url = {https://www.scopus.com/inward/record.uri?eid=2-s2.0-85046085804&doi=10.1016%2fj.icarus.2018.04.003&partnerID=40&md5=13f84b66064b776cfe87b31eef7d76e2},
  doi = {10.1016/j.icarus.2018.04.003}
}
BibTeX:
@article{BoudonSearsCoheur2018,
  author = {Boudon, V. and Sears, T. and Coheur, P.-F.},
  title = {Introduction to the special issue on molecular spectroscopy, atmospheric composition and climate change},
  journal = {Journal of Molecular Spectroscopy},
  year = {2018},
  volume = {348},
  pages = {1},
  url = {https://www.scopus.com/inward/record.uri?eid=2-s2.0-85045581329&doi=10.1016%2fj.jms.2018.04.005&partnerID=40&md5=89986c2b7edb0705f5f35d3daa238f5c},
  doi = {10.1016/j.jms.2018.04.005}
}
Abstract:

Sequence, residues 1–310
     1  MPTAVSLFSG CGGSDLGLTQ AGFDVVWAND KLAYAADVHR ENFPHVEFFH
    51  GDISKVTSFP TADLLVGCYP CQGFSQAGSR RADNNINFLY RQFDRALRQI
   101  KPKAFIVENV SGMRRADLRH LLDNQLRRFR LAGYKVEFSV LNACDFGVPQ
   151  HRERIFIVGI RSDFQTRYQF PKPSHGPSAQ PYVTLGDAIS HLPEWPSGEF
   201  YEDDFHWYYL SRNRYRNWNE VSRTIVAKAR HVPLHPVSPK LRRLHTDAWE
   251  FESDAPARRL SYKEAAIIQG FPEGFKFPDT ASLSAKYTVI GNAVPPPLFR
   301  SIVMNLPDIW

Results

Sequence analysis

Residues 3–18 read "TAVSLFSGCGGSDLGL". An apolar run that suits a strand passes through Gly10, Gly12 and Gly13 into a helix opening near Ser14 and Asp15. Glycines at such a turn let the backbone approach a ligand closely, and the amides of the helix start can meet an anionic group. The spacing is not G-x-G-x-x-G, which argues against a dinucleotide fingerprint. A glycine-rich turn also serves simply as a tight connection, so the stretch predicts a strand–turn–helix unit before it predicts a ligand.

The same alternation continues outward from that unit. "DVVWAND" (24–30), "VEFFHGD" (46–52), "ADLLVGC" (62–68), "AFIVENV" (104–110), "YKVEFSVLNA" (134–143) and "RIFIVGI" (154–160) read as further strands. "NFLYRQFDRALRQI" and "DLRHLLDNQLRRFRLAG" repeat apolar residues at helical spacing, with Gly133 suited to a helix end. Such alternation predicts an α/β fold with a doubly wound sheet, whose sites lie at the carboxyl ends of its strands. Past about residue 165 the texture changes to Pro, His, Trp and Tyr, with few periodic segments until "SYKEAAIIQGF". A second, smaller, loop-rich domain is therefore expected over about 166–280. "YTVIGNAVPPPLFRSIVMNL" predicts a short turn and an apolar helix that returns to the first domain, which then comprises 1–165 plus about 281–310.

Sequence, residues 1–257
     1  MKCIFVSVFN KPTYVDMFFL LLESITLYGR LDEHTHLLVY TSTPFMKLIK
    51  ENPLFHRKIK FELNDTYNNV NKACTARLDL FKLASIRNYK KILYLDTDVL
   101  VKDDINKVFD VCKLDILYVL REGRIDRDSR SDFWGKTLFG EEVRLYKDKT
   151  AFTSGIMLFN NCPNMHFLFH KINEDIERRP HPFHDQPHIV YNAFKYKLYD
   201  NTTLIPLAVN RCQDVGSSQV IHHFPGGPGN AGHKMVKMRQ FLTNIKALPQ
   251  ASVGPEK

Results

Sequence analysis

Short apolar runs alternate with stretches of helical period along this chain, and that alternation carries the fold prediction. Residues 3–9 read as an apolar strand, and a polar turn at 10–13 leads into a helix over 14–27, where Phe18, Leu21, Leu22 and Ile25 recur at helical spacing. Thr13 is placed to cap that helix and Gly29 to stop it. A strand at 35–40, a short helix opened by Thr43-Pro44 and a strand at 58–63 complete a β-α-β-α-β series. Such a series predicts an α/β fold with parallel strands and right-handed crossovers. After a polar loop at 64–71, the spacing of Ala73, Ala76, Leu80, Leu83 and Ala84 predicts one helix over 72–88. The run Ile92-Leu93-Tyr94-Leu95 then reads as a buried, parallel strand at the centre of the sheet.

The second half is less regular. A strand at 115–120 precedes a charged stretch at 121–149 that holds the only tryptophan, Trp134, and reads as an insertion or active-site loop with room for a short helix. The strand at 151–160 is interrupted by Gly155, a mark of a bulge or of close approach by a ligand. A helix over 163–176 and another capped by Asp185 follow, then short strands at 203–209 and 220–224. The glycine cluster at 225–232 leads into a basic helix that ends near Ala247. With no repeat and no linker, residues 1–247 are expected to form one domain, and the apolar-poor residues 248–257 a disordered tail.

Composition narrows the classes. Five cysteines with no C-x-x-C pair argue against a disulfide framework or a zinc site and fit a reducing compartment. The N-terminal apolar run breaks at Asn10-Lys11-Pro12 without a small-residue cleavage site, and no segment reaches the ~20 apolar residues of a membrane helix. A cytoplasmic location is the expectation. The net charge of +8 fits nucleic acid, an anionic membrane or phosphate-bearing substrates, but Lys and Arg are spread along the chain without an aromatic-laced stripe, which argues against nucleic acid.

This paper assesses the quality of IASI (Infrared Atmospheric Sounding Interferometer)/Metop-A (IASI-A) and IASI/Metop-B (IASI-B) ozone (O3) products (total and partial O3 columns) retrieved with the Fast Optimal Retrievals on Layers for IASI Ozone (FORLI-O3; v20151001) software for 9 years (2008-July 2017) through an extensive intercomparison and validation exercise using independent observations (satellite, ground-based and ozonesonde). Compared with the previous version of FORLI-O3 (v20140922), several improvements have been introduced in FORLI-O3 v20151001, including absorbance look-up tables recalculated to cover a larger spectral range, with additional numerical corrections. This leads to a change of ĝ1/4 4 % in the total ozone column (TOC) product, which is mainly associated with a decrease in the retrieved O3 concentration in the middle stratosphere (above 30 hPa/25 km). IASI-A and IASI-B TOCs are consistent, with a global mean difference of less than 0.3 % for both daytime and nighttime measurements; IASI-A is slightly higher than IASI-B. A global difference of less than 2.4 % is found for the tropospheric (TROPO) O3 column product (IASI-A is lower than IASI-B), which is partly due to a temporary issue related to the IASI-A viewing angle in 2015. Our validation shows that IASI-A and IASI-B TOCs are consistent with GOME-2 (Global Ozone Monitoring Experiment-2), Dobson, Brewer, SAOZ (Système d'Analyse par Observation Zénithale) and FTIR (Fourier transform infrared) TOCs, with global mean differences in the range of 0.1 %-2 % depending on the instruments compared. The worst agreement with UV-vis retrieved TOC (satellite and ground) is found at the southern high latitudes. The IASI-A and ground-based TOC comparison for the period from 2008 to July 2017 shows the long-Term stability of IASI-A, with insignificant or small negative drifts of 1 %-3 % decadeĝ'1. The comparison results of IASI-A and IASI-B against smoothed FTIR and ozonesonde partial O3 columns vary with altitude and latitude, with the maximum standard deviation being seen for the 300-150 hPa column (20 %-40 %) due to strong ozone variability and large total retrievals errors. Compared with ozonesonde data, the IASI-A and IASI-B O3 TROPO column (defined as the column between the surface and 300 hPa) is positively biased in the high latitudes (4 %-5 %) and negatively biased in the midlatitudes and tropics (11 %-13 % and 16 %-19 %, respectively). The IASI-A-To-ozonesonde TROPO comparison for the period from 2008 to 2016 shows a significant negative drift in the Northern Hemisphere of ĝ'8.6±3.4 % decadeĝ'1, which is also found in the IASI-A-To-FTIR TROPO comparison. When considering the period from 2011 to 2016, the drift value for the TROPO column decreases and becomes statistically insignificant. The observed negative drifts of the IASI-A TROPO O3 product (8 %-16 % decadeĝ'1) over the 2008-2017 period might be taken into consideration when deriving trends from this product and this time period.